Zoned namespaces (ZNS) storage technologies promise to significantly improve the performance and reliability of next-generation solid-state drives and hard disk drives, but ZNS adoption requires significant efforts from device markers and data center operators alike. To simplify the development of next-generation ZNS HDDs and SSDs, Samsung and Western Digital on Tuesday inked a memorandum of understanding (MOU) to jointly standardize and develop zoned storage technologies.
Both Samsung and Western Digital have announced their respective ZNS SSDs in recent years, but these drives have not been adopted widely so far perhaps because they are implemented differently, and therefore behave differently. Furthermore, a smoothly interoperable ecosystem of ZNS storage technologies is still not quite there, so deploying appropriate drives is not easy. To make matters even more complicated, ZNS drives are not widely available from various vendors, so buying a ZNS SSD from one maker essentially means an exclusive supply agreement.
ZNS SSDs offer numerous benefits over conventional block-based drives. Firstly, they place data sequentially into zones and have better control over write amplification, since the software understands what it is dealing with. As a result, ZNS SSDs do not need to assign as much 3D NAND for overprovisioning as traditional enterprise drives do these days, which ultimately leads to lower costs and power consumption. Furthermore, this simplifies using new NAND architectures, like QLC 3D NAND.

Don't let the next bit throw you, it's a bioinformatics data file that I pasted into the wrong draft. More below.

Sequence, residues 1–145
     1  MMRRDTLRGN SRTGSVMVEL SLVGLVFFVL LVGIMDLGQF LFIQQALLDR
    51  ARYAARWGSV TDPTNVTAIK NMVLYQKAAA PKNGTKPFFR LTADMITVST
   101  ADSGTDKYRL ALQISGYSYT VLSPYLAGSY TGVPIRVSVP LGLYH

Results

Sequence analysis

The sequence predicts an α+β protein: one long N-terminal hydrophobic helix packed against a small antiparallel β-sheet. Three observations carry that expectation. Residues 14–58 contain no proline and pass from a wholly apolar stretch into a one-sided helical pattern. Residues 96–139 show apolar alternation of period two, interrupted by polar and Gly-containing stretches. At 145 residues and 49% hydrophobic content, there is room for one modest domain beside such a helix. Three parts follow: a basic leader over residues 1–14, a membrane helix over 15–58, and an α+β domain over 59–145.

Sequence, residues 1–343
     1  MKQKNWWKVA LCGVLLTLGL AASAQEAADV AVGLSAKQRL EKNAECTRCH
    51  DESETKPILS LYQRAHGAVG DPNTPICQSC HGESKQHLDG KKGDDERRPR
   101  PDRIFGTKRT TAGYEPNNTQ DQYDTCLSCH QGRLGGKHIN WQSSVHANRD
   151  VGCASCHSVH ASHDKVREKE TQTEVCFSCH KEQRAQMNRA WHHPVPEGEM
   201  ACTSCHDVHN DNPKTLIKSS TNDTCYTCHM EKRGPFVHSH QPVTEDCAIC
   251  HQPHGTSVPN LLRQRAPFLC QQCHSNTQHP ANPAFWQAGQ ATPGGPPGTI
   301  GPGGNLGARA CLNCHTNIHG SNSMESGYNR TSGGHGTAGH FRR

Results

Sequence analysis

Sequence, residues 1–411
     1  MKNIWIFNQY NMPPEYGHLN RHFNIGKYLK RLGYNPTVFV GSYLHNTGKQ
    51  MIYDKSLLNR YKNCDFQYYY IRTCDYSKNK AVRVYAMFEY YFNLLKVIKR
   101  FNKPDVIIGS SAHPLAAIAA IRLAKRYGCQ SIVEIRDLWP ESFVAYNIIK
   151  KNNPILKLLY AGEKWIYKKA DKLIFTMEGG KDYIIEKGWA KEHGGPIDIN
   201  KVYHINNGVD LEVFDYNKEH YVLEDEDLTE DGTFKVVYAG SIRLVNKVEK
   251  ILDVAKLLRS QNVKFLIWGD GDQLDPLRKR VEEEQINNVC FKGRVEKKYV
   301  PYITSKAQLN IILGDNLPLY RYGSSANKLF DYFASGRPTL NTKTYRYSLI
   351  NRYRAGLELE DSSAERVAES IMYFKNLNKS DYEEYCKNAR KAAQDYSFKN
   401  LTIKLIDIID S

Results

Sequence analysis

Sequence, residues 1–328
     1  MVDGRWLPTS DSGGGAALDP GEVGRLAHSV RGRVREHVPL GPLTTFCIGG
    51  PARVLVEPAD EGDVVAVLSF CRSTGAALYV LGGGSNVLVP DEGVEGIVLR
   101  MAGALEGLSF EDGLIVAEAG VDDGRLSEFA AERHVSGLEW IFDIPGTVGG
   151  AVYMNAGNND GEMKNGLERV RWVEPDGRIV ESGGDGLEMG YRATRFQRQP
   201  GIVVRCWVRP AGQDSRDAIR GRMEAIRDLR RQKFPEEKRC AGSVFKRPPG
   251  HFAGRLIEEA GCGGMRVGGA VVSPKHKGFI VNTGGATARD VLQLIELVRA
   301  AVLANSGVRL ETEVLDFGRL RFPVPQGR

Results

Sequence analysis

Secondly, since ZNS manages large zones rather than a plethora of 4KB blocks and does not have to perform garbage collection as often as traditional SSDs, they have faster real-world read and write performance. For the same reason, it is easier to manage shingled magnetic recording (SMR) hard drives in a ZNS software environment, which is another benefit.
But software has indeed obstructed the adoption of ZNS. Both Samsung and Western Digital have participated in ZNS software development, but it looks like the two companies now want to try developing an ecosystem that will involve fewer participants but will guarantee timely availability of software and hardware that is interoperable and works predictably.
Under the terms of the MOU, Samsung and Western Digital will jointly standardize and drive the adoption of next-generation data placement, processing, and fabrics (D2PF) storage technologies. The two companies will define high-level models and frameworks for next-generation Zoned Storage technologies as well as open and scalable data center architectures. Back in December 2021, Samsung and Western Digital formed Zoned Storage TWG (Technical Work Group), which is shaping and specifying use cases for Zoned Storage devices, as well as host/device architecture and programming models.
"Our collaborative efforts will embrace hardware and software ecosystems to ensure that as many customers as possible can reap the benefits of this highly important technology," said Jinman Han, Corporate EVP, Head of Memory Sales & Marketing at Samsung Electronics.
"For years Western Digital has been laying the foundation for the Zoned Storage ecosystem by contributing to the Linux kernel and open-source software community," said Rob Soderbery, EVP and GM, Flash Business Unit at Western Digital. "We are excited to bring these contributions to this joint initiative with Samsung in facilitating wider adoption of Zoned Storage for users and application developers."